To me it was never about the rules, it was mostly about people.
I knew that my actions and my carelessness might impact other people lives so I choose to send a message. That I value protecting others.
I’m sure that some people might not agree with this stance but I can say this: While I was walking some people put on their masks. My action reminded them in some ways of the times we were living in a subtle and hopefully kind manner.
I never asked anyone to wear it, but always led with my personal choice and example and the goal to me was never to protect myself since I’m also in an age where there are less downsides than usual but instead to protect others and show them that I cared for them.
After the first year of the pandemic we saw society split as a whole on the topic of masks, vaccines and so on. We thought that the divisive element was related to the vaccines but now, with a world conflict in Ukraine we can see this was not the case.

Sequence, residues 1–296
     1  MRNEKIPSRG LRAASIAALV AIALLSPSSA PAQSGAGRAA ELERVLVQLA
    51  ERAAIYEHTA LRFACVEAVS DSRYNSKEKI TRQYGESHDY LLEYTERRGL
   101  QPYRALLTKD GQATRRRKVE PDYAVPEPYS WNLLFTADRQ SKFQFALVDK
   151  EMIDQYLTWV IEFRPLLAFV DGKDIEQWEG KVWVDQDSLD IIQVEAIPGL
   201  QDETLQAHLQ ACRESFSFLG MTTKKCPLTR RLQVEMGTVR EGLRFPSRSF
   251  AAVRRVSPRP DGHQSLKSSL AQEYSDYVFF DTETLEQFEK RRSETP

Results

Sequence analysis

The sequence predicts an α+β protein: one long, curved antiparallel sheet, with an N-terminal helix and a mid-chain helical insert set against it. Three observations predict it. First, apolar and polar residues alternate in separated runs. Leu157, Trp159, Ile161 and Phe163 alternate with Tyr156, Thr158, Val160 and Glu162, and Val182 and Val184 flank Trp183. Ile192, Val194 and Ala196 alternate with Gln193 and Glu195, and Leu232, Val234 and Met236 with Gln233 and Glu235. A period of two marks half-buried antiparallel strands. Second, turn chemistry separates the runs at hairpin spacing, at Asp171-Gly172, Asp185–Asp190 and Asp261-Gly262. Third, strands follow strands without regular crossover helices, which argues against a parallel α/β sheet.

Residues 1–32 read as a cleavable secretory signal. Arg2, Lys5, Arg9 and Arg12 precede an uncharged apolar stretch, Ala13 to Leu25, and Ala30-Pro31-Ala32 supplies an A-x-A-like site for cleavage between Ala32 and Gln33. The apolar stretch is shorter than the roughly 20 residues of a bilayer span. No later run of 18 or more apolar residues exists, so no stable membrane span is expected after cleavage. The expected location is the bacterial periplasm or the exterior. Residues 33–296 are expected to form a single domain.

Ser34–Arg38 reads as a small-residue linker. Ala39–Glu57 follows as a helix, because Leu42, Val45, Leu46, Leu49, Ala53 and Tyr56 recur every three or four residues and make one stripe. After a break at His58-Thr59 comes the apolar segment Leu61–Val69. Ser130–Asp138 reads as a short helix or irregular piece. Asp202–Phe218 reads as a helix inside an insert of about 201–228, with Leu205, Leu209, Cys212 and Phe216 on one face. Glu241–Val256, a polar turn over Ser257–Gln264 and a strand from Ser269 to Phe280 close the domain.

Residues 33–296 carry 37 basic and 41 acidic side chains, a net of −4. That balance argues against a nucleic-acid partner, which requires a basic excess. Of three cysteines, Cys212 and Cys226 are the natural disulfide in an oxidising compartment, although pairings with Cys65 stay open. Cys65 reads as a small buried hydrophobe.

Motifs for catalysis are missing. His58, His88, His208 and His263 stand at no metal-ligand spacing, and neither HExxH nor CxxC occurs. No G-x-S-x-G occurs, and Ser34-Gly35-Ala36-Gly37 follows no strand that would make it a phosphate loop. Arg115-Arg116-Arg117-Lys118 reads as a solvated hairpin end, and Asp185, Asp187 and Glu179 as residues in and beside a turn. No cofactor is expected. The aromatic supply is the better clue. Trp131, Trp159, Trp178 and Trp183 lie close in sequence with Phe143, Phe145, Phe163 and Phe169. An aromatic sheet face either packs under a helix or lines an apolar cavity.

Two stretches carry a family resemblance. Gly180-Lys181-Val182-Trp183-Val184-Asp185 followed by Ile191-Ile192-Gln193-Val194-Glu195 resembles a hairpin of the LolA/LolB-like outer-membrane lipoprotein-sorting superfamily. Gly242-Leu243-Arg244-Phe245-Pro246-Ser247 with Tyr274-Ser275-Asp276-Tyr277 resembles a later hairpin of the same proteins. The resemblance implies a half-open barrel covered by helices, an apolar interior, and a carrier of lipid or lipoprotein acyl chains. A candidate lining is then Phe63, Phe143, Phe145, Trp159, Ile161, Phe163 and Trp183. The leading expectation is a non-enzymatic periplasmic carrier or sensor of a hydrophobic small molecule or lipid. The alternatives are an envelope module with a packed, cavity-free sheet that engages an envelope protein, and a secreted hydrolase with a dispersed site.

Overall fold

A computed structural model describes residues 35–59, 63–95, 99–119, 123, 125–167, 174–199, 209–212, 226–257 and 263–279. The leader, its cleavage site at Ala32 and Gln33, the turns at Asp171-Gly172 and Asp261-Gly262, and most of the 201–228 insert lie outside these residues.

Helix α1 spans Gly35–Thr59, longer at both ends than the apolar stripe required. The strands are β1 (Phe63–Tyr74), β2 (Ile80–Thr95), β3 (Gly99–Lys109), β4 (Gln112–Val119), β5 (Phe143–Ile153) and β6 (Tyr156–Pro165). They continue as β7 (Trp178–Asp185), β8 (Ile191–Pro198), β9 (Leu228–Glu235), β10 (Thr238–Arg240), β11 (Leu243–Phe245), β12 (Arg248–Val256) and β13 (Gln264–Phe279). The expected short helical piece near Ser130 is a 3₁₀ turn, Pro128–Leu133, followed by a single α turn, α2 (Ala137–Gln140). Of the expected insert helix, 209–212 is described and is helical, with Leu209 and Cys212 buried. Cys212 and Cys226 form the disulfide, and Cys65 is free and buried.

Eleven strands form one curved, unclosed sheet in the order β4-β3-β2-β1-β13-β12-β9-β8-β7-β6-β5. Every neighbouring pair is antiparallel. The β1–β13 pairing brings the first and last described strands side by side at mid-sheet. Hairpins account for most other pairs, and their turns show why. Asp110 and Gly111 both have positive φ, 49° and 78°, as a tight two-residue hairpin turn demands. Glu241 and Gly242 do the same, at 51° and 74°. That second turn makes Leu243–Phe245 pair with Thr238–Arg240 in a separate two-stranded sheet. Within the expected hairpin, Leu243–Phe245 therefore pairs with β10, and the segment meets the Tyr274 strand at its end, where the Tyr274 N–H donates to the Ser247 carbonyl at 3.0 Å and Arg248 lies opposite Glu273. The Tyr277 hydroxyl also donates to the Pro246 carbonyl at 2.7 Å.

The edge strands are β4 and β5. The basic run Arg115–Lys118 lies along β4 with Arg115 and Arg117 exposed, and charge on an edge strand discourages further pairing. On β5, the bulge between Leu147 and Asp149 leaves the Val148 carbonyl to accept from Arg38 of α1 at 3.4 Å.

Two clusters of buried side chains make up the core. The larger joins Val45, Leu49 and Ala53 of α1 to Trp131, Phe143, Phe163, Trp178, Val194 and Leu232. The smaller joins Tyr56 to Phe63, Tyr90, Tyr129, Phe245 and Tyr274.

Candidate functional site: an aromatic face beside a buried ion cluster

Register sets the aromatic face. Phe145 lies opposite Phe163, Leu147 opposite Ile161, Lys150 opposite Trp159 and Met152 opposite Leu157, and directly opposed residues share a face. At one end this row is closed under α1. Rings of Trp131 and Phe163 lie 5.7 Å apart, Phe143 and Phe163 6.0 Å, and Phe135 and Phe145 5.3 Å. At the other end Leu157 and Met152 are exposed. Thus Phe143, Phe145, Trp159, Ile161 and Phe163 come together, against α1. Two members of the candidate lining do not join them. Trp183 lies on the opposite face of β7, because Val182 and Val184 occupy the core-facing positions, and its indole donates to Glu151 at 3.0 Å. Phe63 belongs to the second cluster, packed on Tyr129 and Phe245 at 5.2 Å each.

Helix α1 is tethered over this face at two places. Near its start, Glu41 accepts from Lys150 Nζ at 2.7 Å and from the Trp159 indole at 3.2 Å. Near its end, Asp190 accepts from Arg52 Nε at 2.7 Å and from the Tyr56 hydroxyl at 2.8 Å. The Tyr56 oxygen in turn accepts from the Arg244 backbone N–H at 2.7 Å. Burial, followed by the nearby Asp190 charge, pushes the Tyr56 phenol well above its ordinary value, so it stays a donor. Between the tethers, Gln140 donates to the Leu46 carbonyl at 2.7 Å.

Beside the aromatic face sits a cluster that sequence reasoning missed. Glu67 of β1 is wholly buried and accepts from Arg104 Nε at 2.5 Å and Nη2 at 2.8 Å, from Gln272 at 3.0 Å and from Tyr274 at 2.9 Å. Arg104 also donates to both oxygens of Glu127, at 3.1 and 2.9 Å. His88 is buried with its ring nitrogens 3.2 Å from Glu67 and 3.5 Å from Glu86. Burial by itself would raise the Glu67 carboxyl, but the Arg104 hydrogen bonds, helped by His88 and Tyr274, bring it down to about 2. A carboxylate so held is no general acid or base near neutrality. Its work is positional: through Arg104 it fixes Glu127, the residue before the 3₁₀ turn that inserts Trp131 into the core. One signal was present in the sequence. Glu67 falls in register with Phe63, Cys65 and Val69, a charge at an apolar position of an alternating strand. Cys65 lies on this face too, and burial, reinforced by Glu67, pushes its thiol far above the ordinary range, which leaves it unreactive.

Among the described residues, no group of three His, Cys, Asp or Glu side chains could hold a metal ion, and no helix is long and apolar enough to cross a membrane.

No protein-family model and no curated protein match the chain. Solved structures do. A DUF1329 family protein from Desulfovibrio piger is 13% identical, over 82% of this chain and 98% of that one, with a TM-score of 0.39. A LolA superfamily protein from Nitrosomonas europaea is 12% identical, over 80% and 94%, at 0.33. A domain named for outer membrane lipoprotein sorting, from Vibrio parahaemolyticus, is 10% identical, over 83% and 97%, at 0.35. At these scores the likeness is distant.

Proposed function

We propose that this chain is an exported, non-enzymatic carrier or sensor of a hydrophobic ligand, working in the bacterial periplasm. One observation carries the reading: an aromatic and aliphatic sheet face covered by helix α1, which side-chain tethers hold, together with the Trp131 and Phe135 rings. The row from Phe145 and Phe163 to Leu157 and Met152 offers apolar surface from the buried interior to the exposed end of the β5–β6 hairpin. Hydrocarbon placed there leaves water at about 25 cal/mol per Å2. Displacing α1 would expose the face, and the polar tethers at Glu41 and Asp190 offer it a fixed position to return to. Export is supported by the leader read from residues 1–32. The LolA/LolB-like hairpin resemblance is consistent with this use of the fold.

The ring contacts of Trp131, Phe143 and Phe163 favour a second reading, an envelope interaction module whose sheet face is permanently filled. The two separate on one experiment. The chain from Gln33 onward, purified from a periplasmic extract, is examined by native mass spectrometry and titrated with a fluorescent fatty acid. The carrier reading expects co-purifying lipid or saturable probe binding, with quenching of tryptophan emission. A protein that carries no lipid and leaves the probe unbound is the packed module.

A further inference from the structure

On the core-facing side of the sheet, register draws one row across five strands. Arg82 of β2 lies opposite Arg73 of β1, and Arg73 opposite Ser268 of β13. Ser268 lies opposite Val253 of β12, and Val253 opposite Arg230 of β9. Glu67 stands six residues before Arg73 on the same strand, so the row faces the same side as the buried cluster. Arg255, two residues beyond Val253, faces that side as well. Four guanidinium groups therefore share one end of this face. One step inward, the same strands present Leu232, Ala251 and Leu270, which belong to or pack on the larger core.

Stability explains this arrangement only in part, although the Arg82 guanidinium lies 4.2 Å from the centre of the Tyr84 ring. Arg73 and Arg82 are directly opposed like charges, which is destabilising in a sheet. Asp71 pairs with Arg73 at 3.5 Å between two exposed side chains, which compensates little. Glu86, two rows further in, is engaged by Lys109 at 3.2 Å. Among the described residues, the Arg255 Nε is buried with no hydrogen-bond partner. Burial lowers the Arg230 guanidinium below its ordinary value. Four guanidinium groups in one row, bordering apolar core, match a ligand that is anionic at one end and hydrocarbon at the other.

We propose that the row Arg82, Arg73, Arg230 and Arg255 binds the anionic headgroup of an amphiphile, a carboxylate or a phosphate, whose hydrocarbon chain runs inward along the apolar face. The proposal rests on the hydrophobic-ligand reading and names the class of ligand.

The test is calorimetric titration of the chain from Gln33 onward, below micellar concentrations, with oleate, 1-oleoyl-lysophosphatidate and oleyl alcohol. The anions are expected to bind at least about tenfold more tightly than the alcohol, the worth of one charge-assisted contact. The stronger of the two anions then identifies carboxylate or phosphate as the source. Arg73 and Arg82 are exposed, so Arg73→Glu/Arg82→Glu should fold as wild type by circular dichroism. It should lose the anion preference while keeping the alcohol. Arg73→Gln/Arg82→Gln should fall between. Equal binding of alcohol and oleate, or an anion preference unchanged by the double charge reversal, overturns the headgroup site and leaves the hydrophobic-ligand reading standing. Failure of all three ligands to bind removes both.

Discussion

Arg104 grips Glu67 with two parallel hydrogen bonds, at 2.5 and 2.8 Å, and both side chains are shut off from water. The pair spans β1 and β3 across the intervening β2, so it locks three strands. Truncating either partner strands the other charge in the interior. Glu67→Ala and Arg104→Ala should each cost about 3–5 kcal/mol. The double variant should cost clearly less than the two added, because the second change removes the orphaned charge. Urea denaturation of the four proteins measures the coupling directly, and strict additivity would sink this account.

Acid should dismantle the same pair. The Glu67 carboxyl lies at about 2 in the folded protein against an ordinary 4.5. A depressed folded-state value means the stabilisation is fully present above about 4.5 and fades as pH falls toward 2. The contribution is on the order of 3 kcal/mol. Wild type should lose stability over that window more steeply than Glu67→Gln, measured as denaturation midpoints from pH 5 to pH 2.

Every time I read some comments on the topic we are always splitted and I constantly see hatred on both sides.
It’s the medium and our prejudices that create the split in the society. It’s the fact that we are not spending enough time understanding different perspectives and keeping an open mind, it’s about less hatred and more caring.
Looking back at my actions I’m sure some might’ve hated my choice, but I do hope some will see them as a way of caring even though they’re on a difference stance then me.
A friend of mine always talks about this entrepreneur as if people somewhat misinterpreted him.
As if his story and life were often made more interesting, but, after all, he’s just a normal man.
He told this story once to my mother-in-law and from then on the story, for her, didn’t change.
How could after all she would be able to change it if she doesn’t get more information, new updates or so on?
This is the problem with personal stories, they don’t get updated.
My mother-in-law will always talk about this entrepreneur the same way, even if years have passed, even if he changed entirely.